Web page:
Washington, D.C. – President Obama is expected to designate five national monuments on Monday including a pristine region known as Rio Grande del Norte near Taos, New Mexico and a thousand acres along the San Juan Islands in Washington State. The designations will permanently protect these landscapes from development. The President is also expected to designate a few historic sites including First State National Monument in Delaware, Harriet Tubman Underground Railroad National Monument in Maryland, and, Charles Young Buffalo Soldiers National Monument in Ohio.
“Environment America eagerly awaits President Obama permanently protecting these treasured wild areas in New Mexico and Washington,” said Mary Rafferty, conservation program coordinator for Environment America. “This is exciting news for the hikers who explore Ute Mountain, a free-standing former volcano in Rio Grand Del Norte, and the thousands who canoe along Cattle Point in San Juan Islands.”
Rio Grande Del Norte is home to thousands of plant and wildlife. The region is home to bald eagles and falcons; migratory birds, such as herons; and, elk and pronghorn antelope, the only surviving species of its family in the world. The San Juan Islands encompasses nesting grounds for bald eagles, shorelines where visitors can spot passing seals and orcas, and stands of old growth forest.
All designations have strong local support by the public. Senators Tom Udall and Martin Heinrich, former Senator Bingaman and Congressmen Lujan, and the Mayors of Questa and Taos all expressed their support for Rio Grande Del Norte. Nearly 200 local businesses and 5,000 Washingtonians have come out in support of protecting the San Juan Islands, including Senator Cantwell, Senator Murray and Governor Inslee.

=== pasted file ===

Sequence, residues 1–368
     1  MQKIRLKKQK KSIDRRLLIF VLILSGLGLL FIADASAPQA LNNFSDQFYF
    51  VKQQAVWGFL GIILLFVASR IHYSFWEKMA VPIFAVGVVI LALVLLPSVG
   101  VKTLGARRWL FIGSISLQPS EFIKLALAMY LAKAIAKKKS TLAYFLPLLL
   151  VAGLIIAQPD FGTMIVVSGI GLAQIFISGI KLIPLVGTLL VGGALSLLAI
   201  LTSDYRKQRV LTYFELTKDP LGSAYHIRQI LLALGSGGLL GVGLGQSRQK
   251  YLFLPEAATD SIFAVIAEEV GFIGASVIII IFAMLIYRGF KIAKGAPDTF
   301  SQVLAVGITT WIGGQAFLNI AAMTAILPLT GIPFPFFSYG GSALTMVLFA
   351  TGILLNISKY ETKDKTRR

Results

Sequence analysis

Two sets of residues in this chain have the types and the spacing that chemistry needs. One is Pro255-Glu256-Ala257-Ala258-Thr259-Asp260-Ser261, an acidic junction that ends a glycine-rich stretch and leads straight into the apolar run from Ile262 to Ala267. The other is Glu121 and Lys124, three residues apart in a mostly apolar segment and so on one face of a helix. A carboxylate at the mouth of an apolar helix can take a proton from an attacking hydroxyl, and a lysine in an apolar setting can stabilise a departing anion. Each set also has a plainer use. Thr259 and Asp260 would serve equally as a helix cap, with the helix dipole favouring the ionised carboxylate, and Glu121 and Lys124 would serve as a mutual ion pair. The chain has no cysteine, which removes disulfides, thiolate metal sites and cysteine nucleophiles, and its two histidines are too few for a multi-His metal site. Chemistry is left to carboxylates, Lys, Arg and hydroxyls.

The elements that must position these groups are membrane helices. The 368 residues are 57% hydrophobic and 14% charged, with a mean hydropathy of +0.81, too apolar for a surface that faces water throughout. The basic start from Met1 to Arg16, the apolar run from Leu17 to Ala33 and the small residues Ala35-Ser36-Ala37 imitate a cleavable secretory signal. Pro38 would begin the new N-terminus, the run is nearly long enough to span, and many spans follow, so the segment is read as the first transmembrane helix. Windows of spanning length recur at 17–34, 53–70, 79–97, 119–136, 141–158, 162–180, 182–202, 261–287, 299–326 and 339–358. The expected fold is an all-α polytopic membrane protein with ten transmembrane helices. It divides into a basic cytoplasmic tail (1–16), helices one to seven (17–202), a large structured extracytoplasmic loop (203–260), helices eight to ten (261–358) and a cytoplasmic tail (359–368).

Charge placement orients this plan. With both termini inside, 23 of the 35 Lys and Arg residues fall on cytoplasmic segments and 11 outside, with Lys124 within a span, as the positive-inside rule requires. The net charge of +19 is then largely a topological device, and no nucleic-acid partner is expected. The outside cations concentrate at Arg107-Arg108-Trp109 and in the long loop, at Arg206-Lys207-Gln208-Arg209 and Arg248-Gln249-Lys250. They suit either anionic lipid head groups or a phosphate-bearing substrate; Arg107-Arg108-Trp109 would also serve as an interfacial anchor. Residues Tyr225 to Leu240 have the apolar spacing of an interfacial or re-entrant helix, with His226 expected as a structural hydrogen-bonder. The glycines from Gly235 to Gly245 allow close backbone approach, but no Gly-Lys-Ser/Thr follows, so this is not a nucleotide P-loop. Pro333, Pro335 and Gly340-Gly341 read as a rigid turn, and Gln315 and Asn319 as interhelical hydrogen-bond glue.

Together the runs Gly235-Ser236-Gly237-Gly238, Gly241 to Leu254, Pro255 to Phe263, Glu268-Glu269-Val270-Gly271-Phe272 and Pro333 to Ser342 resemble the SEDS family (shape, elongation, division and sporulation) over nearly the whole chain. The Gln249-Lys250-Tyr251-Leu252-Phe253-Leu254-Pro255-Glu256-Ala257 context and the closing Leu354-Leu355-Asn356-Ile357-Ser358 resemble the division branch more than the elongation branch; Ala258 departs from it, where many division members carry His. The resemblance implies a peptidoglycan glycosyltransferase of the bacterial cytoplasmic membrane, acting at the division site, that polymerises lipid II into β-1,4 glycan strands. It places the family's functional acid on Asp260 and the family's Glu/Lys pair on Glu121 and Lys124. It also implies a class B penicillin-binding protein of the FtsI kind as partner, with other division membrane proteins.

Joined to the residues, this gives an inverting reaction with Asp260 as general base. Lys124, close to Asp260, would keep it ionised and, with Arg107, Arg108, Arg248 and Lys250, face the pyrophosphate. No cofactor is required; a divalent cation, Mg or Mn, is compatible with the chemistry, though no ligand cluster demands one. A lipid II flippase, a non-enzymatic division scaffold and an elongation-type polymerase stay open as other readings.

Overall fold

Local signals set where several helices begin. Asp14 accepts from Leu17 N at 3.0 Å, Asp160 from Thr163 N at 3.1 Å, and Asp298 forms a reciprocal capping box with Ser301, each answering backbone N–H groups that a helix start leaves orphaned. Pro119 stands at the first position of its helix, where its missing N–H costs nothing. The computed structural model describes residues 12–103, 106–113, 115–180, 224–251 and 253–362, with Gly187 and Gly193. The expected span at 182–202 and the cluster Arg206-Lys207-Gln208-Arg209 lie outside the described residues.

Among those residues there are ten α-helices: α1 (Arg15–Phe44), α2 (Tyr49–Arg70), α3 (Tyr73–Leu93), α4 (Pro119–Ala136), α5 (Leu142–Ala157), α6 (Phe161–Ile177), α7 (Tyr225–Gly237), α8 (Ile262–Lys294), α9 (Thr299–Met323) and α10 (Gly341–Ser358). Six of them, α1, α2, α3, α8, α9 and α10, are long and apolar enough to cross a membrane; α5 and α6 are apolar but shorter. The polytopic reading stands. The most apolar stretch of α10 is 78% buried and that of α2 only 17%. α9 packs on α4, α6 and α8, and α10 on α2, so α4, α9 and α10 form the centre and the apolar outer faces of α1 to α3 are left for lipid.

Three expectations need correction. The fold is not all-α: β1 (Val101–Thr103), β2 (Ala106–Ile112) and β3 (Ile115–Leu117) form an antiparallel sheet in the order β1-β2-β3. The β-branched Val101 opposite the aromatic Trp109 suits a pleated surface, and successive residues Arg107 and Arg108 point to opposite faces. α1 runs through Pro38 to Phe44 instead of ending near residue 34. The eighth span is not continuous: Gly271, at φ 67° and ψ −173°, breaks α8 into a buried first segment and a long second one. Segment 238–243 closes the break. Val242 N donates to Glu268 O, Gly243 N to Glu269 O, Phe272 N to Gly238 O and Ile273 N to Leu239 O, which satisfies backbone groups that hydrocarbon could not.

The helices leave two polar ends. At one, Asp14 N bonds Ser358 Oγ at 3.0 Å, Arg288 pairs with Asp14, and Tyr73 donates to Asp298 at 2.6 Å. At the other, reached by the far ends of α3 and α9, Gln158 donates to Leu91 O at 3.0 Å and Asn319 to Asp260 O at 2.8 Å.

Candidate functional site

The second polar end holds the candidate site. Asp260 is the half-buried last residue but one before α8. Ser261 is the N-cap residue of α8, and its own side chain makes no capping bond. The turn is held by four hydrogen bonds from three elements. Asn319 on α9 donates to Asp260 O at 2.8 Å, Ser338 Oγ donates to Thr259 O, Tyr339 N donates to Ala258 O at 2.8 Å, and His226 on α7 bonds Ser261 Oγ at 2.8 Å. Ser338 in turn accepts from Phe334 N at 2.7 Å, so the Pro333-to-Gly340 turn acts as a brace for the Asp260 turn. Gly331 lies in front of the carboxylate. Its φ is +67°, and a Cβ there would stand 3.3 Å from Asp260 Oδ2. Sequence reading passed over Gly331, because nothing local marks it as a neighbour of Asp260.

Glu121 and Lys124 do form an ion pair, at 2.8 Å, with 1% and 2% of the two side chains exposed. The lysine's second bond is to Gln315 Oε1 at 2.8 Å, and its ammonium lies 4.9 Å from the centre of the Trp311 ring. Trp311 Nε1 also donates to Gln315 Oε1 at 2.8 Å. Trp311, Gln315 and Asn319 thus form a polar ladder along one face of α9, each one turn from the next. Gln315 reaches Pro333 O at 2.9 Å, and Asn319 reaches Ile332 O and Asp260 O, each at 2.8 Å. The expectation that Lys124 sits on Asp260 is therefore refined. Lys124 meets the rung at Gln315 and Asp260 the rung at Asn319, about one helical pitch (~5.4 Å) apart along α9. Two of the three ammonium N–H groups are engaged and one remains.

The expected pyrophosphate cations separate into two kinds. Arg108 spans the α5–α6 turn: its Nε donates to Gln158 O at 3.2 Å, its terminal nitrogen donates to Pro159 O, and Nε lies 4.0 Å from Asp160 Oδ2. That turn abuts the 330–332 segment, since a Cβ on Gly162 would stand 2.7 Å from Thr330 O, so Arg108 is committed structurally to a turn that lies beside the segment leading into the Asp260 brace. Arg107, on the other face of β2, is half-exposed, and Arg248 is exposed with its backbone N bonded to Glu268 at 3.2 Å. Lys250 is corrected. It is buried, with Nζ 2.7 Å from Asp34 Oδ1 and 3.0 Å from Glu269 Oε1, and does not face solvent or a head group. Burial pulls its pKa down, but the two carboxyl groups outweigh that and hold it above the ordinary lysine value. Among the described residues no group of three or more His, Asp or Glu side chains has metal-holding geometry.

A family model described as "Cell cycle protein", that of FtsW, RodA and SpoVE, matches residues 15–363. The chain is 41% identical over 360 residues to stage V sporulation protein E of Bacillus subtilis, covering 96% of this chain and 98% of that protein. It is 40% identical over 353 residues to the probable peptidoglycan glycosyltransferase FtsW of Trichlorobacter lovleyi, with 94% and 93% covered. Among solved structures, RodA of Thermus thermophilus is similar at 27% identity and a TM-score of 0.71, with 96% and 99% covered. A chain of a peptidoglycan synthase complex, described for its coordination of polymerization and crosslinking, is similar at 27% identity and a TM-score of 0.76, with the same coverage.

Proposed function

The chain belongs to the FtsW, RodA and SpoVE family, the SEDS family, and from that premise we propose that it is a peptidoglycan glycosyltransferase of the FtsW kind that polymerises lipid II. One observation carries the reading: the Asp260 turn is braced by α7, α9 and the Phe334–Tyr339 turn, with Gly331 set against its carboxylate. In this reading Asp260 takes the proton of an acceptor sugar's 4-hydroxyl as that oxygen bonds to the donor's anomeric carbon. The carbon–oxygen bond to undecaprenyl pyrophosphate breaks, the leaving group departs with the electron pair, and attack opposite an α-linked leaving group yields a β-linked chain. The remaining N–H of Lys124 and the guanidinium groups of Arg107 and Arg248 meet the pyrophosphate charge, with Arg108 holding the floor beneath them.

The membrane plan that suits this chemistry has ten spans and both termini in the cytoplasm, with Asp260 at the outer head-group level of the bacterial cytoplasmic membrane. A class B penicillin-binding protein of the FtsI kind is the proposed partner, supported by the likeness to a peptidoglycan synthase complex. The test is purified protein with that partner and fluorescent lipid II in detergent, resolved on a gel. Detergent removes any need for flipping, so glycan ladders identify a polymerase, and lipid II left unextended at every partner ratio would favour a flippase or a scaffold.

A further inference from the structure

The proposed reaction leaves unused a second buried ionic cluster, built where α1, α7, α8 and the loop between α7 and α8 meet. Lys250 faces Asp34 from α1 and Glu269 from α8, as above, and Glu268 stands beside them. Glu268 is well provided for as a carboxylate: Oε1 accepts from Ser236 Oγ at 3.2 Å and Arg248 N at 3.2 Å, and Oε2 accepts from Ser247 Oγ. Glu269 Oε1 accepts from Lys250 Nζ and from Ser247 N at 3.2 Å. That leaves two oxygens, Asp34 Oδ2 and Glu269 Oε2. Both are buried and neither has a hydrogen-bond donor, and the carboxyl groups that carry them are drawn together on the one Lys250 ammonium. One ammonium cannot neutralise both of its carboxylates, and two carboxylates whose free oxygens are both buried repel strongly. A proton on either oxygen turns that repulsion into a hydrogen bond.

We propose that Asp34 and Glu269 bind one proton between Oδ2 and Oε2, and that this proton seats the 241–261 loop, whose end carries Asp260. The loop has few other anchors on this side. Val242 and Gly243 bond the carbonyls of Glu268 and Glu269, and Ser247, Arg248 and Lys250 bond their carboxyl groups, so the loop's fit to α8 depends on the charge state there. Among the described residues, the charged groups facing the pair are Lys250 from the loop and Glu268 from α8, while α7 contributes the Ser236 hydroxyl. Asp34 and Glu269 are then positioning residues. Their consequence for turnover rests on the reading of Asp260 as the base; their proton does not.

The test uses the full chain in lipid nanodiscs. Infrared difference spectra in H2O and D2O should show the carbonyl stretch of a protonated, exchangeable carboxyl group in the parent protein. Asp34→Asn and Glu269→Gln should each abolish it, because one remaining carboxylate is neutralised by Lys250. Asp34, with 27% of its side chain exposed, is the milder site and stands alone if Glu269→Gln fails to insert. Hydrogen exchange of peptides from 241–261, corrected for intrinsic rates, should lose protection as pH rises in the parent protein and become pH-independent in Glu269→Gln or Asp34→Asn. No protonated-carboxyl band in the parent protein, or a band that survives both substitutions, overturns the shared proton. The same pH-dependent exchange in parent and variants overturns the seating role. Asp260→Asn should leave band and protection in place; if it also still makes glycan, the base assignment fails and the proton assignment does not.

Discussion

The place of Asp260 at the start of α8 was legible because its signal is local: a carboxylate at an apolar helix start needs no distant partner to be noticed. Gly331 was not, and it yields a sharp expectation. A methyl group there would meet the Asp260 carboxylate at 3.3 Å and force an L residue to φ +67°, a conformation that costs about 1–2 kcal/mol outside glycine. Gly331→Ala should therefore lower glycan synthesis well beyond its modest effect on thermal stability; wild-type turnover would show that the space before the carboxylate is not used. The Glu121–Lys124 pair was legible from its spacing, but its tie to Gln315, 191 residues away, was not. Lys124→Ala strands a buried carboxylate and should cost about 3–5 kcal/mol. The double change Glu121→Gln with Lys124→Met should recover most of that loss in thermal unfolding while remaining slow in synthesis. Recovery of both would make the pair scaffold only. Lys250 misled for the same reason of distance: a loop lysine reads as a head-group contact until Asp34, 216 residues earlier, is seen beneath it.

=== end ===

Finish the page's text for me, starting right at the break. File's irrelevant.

“El Rio Grande Del Norte is just another reason why New Mexico is known as the ‘Land of Enchantment’,” said Rafferty. “Thanks to President Obama, we’ll be able to enjoy these regions for generations to come.”
These regions will be designated as national monuments under the Antiquities Act. Signed into law by Theodore Roosevelt in 1906, the Act has been used by nearly every president since to permanently protect federally owned land from development. Currently only about one third of our public lands are permanently protected as wilderness, parks, refuges or other protected areas.
Other areas in the country currently seeking monument protections are Stornetta Public Lands along the California Coast and Organ Mountains, a popular hiking destination outside Las Cruces.
“We look forward to continuing our work with President Obama to protect all the places that are important to our nation’s parks, forests, waterways, and wildlife,” said Rafferty.